Charles Dickens once referred to the past in these words: “
It was the best of times,
it was the worst of times.
” The more we look back, the more we long for what was and
hope it never returns.
For many MS Windows network administrators, that statement sums up their feelings about
NetBIOS networking precisely. For those who mastered NetBIOS networking, its fickle
nature was just par for the course. For those who never quite managed to tame its
lusty features, NetBIOS is like Paterson's Curse.
For those not familiar with botanical problems in Australia, Paterson's Curse,
, was introduced to Australia from Europe during the mid-19th
century. Since then it has spread rapidly. The high seed production, with densities of
thousands of seeds per square meter, a seed longevity of more than 7 years, and an
ability to germinate at any time of year, given the right conditions, are some of the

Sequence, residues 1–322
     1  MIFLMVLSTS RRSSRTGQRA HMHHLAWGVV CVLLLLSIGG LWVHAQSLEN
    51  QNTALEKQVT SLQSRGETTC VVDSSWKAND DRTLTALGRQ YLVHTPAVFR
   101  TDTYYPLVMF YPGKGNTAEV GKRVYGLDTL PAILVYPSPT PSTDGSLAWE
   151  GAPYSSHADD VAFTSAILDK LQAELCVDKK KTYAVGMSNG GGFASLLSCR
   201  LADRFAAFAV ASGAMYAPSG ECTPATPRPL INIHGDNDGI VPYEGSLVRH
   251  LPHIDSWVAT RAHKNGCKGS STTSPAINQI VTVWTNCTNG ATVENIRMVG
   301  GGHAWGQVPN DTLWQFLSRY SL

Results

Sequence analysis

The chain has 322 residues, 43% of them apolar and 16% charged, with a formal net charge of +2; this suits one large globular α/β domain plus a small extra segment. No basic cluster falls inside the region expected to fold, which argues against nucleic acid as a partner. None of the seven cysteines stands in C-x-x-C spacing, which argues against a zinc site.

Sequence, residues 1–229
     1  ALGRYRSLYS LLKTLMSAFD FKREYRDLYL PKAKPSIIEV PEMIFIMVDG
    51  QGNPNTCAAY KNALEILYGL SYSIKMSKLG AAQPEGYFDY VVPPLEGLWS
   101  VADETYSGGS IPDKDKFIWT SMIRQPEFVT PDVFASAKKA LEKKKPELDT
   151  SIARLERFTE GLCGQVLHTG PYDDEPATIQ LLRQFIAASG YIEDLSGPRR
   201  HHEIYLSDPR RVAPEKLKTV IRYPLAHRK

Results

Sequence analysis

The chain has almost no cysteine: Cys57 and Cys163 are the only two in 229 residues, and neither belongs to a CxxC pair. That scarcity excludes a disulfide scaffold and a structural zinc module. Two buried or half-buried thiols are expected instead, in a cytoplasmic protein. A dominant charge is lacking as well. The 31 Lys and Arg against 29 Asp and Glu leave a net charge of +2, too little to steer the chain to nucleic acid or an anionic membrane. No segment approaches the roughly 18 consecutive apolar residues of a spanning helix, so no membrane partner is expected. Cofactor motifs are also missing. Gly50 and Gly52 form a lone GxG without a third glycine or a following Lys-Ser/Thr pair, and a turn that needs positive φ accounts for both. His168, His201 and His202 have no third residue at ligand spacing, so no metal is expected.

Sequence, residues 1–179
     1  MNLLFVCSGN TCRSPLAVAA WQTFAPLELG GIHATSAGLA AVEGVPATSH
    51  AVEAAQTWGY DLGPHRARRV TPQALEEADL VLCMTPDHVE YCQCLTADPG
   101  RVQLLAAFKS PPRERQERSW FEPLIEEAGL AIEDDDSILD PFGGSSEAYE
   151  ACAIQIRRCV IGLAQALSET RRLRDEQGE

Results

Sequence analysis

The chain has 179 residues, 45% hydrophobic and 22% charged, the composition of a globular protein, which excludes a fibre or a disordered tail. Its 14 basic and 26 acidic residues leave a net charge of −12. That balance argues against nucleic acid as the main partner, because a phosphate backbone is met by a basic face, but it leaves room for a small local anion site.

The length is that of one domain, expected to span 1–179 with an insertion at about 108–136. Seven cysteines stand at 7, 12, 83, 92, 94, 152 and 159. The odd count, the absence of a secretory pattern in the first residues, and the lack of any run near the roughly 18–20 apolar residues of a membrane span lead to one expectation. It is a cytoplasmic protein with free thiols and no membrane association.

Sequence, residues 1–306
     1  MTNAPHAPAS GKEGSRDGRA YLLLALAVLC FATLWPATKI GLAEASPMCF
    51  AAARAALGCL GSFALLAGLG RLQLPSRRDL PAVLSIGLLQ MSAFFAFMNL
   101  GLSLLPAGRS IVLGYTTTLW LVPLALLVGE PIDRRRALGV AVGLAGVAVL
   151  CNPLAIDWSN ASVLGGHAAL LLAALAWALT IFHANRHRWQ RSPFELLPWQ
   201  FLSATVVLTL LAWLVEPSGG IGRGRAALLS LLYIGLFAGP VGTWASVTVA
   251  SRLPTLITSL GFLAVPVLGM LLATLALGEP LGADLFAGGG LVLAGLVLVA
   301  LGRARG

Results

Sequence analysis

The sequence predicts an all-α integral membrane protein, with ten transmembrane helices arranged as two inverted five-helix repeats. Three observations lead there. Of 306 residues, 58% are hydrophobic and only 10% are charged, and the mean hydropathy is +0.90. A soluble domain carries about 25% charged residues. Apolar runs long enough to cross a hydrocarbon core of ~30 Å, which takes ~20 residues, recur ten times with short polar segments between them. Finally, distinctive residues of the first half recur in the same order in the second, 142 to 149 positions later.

features that make it such a persistent weed.
In this chapter we explore vital aspects of Server Message Block (SMB) networking with
a particular focus on SMB as implemented through running NetBIOS (Network Basic
Input/Output System) over TCP/IP. Since Samba does not implement SMB or NetBIOS over
any other protocols, we need to know how to configure our network environment and simply
remember to use nothing but TCP/IP on all our MS Windows network clients.
Samba provides the ability to implement a WINS (Windows Internetworking Name Server)
and implements extensions to Microsoft's implementation of WINS. These extensions
help Samba to effect stable WINS operations beyond the normal scope of MS WINS.
WINS is exclusively a service that applies only to those systems
that run NetBIOS over TCP/IP. MS Windows 200x/XP have the capacity to operate with
support for NetBIOS disabled, in which case WINS is of no relevance. Samba supports this also.
For those networks on which NetBIOS has been disabled (i.e., WINS is not required),
the use of DNS is necessary for hostname resolution.